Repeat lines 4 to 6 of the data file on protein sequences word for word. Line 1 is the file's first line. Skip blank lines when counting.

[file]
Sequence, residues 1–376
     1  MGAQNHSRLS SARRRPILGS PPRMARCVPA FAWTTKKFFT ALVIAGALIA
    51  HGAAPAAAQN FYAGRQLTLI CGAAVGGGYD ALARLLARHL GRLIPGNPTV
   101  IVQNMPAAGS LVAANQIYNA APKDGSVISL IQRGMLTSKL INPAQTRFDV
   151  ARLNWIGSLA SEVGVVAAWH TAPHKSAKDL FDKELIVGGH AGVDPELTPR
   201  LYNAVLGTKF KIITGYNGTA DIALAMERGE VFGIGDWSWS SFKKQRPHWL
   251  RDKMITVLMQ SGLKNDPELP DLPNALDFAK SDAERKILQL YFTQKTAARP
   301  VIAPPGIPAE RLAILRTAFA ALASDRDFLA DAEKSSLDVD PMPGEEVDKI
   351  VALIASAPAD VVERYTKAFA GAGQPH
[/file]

   101  IVQNMPAAGS LVAANQIYNA APKDGSVISL IQRGMLTSKL INPAQTRFDV
   151  ARLNWIGSLA SEVGVVAAWH TAPHKSAKDL FDKELIVGGH AGVDPELTPR
   201  LYNAVLGTKF KIITGYNGTA DIALAMERGE VFGIGDWSWS SFKKQRPHWL